Over the last few months at home, I’ve been the only hawk among my family and Upper West Side circle of friends. Personally, I distrust our president’s motives — and don’t get me started on his economic or social policies — but I feel certain that this war began in a cloud of dust over Lower Manhattan 17 months ago. Not that the attack on the World Trade Center was plotted in or abetted by Baghdad, but the mania roiling the Arab and Muslim world is all connected. The tyranny and poverty that most Arabs live under are obviously the root causes of their misery, but Les Miserables become poisonous when they discover theology and lethal to others — to us — when they gain access to technology. Frankly, I’d rather the 101st Airborne parachute into Riyadh than Baghdad, but that’s just a question of tactics.
In the meantime, Saddam Hussein is bad. I don’t like the way he kills Kurds. I don’t like the way he tortures dissident – and innocents. I don’t like his psychopathic sons. I don’t like his moustache. No longer cynical, I’ve become sentimental about liberal democracy, even if it takes a conservative petrocrat to accomplish it.
Since I espoused this hard line from a distance, it would have been hypocritical of me to refuse to come to Israel. But I’m afraid now and I’m lonely and my loneliness exacerbates my fear. If I was religious, I might even pray that President Bush will kindly wait until I come home before he acts. If you’re reading this, Mr. President, my spring break begins in April.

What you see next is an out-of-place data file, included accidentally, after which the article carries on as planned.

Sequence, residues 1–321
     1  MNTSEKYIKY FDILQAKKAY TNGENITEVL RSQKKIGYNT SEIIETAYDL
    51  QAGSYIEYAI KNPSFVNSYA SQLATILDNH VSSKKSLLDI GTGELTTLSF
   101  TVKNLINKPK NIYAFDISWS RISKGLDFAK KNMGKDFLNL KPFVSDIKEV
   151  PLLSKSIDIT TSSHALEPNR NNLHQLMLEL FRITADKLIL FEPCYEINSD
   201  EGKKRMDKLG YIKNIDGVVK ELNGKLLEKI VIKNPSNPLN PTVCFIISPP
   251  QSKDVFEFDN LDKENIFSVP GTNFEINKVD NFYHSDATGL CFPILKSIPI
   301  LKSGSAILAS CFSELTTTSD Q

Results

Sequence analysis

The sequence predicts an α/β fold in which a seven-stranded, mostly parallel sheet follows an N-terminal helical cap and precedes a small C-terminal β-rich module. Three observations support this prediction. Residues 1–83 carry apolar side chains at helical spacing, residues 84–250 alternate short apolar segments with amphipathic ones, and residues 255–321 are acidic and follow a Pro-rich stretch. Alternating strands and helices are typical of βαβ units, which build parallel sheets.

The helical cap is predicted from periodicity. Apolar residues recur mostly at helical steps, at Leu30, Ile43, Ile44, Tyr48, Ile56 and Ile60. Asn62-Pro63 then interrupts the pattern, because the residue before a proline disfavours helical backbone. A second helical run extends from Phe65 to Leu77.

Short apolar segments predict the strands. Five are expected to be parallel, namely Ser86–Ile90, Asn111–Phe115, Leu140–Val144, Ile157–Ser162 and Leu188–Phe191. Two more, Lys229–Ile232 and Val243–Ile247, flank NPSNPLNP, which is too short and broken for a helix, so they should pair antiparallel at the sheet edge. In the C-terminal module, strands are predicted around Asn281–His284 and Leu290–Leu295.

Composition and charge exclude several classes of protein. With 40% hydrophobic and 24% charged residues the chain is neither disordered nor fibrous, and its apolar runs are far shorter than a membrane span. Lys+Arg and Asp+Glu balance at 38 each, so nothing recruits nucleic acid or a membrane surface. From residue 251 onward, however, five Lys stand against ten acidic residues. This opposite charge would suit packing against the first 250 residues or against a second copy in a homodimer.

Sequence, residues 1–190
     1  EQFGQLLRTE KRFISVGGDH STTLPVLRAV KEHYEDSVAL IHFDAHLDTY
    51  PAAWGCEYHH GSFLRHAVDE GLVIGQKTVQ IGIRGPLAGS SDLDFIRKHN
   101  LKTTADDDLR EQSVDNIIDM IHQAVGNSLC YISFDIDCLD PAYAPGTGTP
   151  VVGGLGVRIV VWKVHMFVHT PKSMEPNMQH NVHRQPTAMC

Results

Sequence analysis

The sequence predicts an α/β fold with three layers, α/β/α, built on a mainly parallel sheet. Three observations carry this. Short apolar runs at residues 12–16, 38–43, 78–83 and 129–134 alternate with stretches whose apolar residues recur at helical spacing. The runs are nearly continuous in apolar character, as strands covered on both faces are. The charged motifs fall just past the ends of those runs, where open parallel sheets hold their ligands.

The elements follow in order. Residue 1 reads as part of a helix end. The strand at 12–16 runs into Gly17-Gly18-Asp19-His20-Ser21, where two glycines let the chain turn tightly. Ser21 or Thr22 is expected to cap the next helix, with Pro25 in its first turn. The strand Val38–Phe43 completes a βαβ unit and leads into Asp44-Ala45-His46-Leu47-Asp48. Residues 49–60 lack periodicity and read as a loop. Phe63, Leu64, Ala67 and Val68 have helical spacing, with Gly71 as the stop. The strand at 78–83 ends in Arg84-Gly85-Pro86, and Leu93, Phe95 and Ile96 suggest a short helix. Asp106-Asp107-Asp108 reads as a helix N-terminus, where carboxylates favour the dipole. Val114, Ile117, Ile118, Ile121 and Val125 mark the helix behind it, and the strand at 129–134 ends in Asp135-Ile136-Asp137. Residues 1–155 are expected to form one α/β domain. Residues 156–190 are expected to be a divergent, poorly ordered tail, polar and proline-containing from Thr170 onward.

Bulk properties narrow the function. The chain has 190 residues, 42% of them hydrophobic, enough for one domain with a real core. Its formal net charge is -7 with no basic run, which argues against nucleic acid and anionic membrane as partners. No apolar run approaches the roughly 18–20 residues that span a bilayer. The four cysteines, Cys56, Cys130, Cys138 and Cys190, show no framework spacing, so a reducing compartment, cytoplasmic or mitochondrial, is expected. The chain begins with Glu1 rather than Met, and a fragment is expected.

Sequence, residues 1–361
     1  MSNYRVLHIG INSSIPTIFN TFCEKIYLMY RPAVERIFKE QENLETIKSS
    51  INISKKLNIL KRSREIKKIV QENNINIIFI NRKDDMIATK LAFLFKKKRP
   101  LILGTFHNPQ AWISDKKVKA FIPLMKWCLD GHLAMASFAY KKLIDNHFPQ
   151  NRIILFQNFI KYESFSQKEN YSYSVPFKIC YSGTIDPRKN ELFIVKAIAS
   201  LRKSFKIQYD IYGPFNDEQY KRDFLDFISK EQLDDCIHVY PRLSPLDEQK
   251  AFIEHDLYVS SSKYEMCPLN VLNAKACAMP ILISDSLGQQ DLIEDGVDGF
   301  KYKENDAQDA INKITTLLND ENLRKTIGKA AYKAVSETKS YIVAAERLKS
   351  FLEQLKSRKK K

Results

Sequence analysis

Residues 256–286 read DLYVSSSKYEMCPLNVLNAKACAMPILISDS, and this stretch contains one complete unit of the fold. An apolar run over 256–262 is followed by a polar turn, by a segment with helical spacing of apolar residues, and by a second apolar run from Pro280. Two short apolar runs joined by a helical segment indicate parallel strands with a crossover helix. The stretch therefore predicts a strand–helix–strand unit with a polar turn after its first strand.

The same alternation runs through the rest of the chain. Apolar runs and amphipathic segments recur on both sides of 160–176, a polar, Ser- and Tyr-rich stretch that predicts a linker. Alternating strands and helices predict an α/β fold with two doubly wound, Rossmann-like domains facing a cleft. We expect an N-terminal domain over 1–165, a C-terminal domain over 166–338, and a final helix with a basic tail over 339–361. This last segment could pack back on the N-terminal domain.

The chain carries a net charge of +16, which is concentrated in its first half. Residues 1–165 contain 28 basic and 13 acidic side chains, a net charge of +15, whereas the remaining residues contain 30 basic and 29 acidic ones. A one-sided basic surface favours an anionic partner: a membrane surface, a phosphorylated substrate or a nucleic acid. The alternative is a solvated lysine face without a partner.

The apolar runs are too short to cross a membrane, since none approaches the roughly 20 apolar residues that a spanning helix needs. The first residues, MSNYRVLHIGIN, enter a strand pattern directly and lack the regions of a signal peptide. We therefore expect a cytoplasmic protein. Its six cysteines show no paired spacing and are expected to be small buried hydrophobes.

Yes, I’m afraid, but I’m writing. Why? Because I don’t know what else to do. And at least 11 other people in this country are doing the same thing as war talk dominates public discourse. My 11 students at Bar-Ilan are producing stories and would-be novels that wrestle with their personal demons. They’re thinking about plot structure and character development and language. They’re thinking about metaphors.
Of course, they also asked if I was afraid, and, for the first time, I admitted as much in public. There are times when to be fearless is to be stupid — a quality I despise more than any other human trait. But to live in fear is no life at all.
Boker tov , Ruppin Street.